Maharashtra gets ready to open its hearts — and doors — to welcome the elephant-headed god, the lovable Lord Ganesha, at the start of the 12-day long Ganeshotsav from Friday. The festival is now in its 125th year since the celebrations were started by the freedom fighter, Lokmanya Bal Gangadhar Tilak, in 1894 to rally the masses during the Independence movement and bypass restrictions by the British rulers.

What started as a modest festival with a small group of people at Keshavji Nayak Chawl in congested Girgaum in south Mumbai has now blossomed into an annual mega-public celebration in Mumbai, the entire Maharashtra, many parts of India and even abroad, with members of all communities taking part.

This year, however, the organisers are somewhat downcast and apprehend that the celebrations may have subdued with curtailment of expenses in many departments, according to top mandal office-bearers.

“On account of the triple whammy of demonetisation, implementation of GST and RERA, our public donations have dropped sharply by more than 50-60 percent this year. This will hamper the pomp and lavishness of the celebrations,” Naresh Dahibhavkar, the powerful President of the powerful BrihanMumbai Sarvajanik Ganeshotsav Samanvay Samiti (BSGSS), told IANS.

He confided that besides donations, sponsorships and advertisements for various events connected with Ganeshotsav and social projects have taken a severe hit, besides the recent restrictions on noise pollution.

“If 10 people perform a musical ‘aarti’ of Lord Ganesh, it touches 70-80 deibels, but the official limit for the festival is only 45 decibelsa I feel many could violate the minimum decibel levels this year and lead to police or court cases,” Dahibhavkar rued.

Nevertheless, the organisers are managing to smile through these ‘vignas’ (adversities) to welcome their popular ‘Vignaharta’ (Lord Ganesh, the remover of all obstacles).

Around 11,550 big-ticket Ganeshotsav associations, with budgets running into several crores of rupees, 190,000 medium or small organisations with budgets of between Rs 5 million to Rs 500,000, and millions of individual households, shall organise the fest this year in Mumbai, which has a population of around 1.70 crore.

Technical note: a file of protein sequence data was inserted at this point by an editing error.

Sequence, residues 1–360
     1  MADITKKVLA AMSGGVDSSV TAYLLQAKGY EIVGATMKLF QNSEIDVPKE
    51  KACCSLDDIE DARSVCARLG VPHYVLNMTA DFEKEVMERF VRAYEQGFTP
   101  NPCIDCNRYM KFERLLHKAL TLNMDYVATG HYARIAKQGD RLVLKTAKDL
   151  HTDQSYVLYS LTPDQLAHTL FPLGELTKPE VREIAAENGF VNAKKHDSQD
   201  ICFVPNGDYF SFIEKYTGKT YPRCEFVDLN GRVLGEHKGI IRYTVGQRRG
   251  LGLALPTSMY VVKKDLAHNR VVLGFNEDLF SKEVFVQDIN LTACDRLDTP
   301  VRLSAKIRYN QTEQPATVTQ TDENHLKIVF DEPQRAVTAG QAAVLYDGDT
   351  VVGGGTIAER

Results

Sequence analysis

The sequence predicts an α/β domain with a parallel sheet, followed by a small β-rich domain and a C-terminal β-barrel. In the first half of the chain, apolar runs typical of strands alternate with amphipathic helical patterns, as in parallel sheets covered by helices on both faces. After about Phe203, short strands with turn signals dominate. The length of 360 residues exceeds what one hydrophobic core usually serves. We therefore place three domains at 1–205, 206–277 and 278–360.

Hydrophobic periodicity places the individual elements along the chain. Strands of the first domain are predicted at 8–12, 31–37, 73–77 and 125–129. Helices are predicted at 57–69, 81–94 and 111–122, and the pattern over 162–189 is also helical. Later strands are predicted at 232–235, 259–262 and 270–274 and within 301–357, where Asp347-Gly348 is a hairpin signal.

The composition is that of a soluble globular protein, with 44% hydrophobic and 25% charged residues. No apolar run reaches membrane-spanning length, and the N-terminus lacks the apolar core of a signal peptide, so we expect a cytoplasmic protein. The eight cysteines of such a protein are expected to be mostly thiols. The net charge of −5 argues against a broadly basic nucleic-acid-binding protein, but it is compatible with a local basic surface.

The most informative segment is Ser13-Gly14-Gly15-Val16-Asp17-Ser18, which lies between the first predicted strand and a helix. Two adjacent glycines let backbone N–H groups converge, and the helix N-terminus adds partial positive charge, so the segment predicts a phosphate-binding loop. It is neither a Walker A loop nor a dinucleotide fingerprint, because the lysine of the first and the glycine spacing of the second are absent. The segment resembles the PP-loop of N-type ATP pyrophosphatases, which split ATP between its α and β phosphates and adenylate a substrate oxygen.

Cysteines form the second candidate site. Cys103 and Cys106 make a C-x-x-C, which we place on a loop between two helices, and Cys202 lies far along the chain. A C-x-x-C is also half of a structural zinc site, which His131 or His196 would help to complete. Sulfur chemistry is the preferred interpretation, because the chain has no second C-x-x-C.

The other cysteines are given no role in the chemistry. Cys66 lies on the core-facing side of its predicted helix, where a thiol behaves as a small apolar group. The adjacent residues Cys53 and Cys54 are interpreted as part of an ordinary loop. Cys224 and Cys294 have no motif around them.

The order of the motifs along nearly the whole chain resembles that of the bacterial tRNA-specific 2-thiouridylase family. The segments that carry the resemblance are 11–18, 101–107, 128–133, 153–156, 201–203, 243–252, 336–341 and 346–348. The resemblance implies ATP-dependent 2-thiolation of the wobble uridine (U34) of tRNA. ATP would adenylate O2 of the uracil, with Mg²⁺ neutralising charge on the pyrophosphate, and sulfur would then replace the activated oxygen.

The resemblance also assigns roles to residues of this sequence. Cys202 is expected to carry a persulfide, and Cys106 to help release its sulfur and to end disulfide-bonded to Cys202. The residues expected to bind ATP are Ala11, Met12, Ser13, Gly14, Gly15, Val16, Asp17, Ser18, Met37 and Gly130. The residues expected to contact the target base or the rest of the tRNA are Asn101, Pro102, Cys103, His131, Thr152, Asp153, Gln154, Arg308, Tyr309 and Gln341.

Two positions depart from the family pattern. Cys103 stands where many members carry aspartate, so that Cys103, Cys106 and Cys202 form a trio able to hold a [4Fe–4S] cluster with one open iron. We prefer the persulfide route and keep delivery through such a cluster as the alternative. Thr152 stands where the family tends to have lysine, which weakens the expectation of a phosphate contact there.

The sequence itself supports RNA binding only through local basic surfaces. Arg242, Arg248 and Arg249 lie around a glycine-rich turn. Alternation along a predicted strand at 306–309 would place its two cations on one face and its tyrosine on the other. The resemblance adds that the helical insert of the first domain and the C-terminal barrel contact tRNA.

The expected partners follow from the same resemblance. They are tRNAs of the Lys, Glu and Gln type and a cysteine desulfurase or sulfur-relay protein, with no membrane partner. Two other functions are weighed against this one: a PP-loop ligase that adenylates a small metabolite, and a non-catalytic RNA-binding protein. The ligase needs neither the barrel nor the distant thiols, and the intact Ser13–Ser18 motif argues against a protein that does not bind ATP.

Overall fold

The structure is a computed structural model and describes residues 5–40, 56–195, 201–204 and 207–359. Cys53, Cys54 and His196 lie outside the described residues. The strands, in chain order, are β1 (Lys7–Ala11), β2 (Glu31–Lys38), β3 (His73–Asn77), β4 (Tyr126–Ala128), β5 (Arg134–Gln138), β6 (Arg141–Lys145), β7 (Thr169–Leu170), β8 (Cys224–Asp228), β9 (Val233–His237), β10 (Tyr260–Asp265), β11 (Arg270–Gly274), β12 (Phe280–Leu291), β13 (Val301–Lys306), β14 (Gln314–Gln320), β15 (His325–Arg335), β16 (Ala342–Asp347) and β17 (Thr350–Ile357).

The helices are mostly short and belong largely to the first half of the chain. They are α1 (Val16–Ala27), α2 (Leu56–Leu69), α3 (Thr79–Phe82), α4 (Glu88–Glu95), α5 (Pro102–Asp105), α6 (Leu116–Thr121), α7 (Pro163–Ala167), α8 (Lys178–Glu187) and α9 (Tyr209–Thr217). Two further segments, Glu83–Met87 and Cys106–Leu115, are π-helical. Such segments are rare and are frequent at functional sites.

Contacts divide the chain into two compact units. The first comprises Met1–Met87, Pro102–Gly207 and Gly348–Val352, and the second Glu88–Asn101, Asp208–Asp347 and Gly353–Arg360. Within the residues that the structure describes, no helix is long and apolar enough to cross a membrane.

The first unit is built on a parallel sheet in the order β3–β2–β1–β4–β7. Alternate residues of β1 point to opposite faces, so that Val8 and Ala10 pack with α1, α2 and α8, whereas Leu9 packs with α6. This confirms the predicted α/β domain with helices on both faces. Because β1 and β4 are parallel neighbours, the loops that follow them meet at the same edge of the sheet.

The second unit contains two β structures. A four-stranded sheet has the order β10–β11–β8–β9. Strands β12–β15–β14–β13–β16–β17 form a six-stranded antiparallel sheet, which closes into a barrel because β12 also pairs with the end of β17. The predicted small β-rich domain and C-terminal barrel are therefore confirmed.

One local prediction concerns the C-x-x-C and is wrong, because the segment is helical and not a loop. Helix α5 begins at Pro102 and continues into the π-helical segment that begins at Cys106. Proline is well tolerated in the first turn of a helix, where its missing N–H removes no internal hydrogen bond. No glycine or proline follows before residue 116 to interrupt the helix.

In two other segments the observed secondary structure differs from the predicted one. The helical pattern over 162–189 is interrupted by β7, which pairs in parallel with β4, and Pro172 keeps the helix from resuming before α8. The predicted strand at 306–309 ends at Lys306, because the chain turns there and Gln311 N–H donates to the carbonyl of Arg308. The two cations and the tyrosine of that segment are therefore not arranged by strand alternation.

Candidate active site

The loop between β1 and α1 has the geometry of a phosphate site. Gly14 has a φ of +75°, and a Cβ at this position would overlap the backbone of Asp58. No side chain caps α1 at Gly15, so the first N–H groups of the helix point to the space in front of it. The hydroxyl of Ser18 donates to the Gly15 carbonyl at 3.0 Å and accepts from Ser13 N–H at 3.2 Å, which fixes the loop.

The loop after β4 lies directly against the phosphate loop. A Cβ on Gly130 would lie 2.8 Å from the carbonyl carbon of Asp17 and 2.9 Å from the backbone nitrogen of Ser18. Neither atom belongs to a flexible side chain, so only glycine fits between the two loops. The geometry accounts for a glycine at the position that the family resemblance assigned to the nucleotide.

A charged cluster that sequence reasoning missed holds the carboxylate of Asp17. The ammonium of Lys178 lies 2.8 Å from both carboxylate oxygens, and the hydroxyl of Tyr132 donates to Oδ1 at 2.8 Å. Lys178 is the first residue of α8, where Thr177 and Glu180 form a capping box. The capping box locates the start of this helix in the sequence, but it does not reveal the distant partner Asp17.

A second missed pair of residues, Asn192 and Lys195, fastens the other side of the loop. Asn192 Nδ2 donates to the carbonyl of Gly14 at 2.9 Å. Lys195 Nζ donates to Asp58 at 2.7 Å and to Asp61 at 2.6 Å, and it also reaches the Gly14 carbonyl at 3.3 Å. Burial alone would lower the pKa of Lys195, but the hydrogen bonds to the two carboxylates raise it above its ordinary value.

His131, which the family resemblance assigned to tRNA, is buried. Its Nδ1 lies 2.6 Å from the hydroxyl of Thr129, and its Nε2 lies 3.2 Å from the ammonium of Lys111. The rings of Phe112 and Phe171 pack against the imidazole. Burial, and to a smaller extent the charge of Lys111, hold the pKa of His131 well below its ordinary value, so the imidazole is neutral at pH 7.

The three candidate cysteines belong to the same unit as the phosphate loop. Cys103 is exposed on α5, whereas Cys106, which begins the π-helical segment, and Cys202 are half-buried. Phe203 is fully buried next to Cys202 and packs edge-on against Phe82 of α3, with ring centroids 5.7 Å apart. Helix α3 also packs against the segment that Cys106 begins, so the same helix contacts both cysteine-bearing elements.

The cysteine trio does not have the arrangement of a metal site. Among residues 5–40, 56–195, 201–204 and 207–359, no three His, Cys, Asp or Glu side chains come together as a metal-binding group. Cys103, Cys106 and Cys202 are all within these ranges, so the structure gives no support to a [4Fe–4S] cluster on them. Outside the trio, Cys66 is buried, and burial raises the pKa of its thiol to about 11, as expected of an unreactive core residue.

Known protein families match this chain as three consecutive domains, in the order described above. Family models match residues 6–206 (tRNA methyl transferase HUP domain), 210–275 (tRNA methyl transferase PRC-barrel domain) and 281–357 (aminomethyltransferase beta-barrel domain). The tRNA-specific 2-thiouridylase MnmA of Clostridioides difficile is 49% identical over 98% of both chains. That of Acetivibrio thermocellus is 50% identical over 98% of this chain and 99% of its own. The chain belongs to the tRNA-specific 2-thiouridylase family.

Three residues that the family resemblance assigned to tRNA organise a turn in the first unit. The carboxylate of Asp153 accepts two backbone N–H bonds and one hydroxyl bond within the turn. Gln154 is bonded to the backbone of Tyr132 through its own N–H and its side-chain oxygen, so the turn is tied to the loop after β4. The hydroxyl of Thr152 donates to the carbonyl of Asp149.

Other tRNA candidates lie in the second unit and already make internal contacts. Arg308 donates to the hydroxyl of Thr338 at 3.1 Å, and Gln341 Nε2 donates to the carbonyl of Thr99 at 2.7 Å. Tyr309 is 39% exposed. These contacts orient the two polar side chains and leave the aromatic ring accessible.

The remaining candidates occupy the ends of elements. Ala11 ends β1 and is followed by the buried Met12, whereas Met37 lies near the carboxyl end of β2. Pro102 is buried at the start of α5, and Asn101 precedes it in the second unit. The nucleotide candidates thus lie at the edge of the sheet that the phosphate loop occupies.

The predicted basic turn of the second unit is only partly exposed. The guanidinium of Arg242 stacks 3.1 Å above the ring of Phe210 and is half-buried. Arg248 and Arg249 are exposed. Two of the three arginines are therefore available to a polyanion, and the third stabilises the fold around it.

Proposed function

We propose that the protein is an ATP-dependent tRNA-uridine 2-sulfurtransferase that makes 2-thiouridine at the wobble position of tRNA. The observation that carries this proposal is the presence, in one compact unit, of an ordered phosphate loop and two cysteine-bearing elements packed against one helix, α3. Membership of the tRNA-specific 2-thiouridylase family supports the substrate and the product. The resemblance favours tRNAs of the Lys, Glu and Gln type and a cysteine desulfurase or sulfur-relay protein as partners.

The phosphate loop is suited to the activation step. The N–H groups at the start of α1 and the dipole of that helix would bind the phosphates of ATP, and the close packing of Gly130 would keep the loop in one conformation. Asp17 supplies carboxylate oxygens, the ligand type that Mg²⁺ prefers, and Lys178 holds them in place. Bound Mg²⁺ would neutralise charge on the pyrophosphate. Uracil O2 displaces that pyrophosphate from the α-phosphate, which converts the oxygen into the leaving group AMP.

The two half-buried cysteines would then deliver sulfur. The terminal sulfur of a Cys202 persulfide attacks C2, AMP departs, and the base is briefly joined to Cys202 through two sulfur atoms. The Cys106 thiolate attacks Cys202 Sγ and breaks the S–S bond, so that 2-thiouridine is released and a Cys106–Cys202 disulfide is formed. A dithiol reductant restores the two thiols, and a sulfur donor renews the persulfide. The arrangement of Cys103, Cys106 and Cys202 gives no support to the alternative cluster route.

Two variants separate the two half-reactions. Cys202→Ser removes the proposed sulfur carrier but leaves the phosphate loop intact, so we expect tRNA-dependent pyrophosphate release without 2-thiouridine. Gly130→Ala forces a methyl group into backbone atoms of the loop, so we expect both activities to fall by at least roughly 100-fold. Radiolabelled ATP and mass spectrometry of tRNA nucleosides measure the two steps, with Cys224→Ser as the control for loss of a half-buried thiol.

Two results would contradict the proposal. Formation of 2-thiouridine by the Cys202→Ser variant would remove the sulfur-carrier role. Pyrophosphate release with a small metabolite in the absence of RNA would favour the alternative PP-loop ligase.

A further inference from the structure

Dahibhavkar said there will be nearly 300 idols in the public marquees within the prescribed height limit of 18 feet.

“However, many mandals plant to install taller idols to commemorate jubilees of their association, or mark some special occasion specific to that organization/locality,” he explained.

As usual, some of the biggest idols shall be the famed Lalbaug-cha Raja, Ganesh Gully, Borivali’s Kastur Park, Sewri-cha Raja, Andheri-cha Raja, Fort-cha Raja, Khetwadi, Bandra and Shivaji Park and others.

To mark the 125th year, Lalbaug-cha Raja and other major organisations have extended invites to President Ram Nath Kovind, Prime Minister Narendra Modi, union cabinet ministers, governors and chief ministers of various states, foreign dignitaries, celebrities and others, to join the festivities, Dahibhavkar added.

The scenario is ditto in other major centres like Pune, Nagpur, Nashik, Kolhapur and the coastal Konkan region — where it’s the most important festival in the annual calendar, surpassing even Diwali.

Several million people from Konkan working in urban centres like Mumbai, Thane, Navi Mumbai, Pune and other cities started trooping to their homes in the coastal districts since last five days for which the Indian Railways, state government and private operators have made arrangements to ply extra trains, buses and vehicles.

“This year, we have been directly affected by demonetisation and GST, so the celebrations will be substantially hit, but we shall cut down on certain non-essentials to make the best of the situation,” said B.N. Uke, a resident of Kelshi beach village in Ratnagiri, famed for the nesting sites of the Olive Ridley turles.

For domestic and foreign tourists, the Maharashtra Tourism Development Corporation has organised special bus tours and walk-tours covering some of the most iconic Ganesh mandals in Mumbai and Pune, Tourism Minister Jaykumar Rawal said.

During the immersion on the final day, special enclosures would be made for the tourists desiring to witness the ceremonies at various beaches and rivers in the two cities, he added.

This year, a controversy has erupted over the origins of public Ganeshotsav with Pune’s Shriman Bhausaheb Rangari Ganpati Trust claiming that its founder, Bhau Laxman Jawale had launched it in 1892 and Tilak’s celebrations came only after two years.

Amidst rising temperatures, Pune’s Guardian Minister Girish Bapat has intervened to say that the festival has evolved into magnificent celebrations due to the combined efforts of both Tilak and Jawale.

First Published | 25 August 2017 9:58 AM
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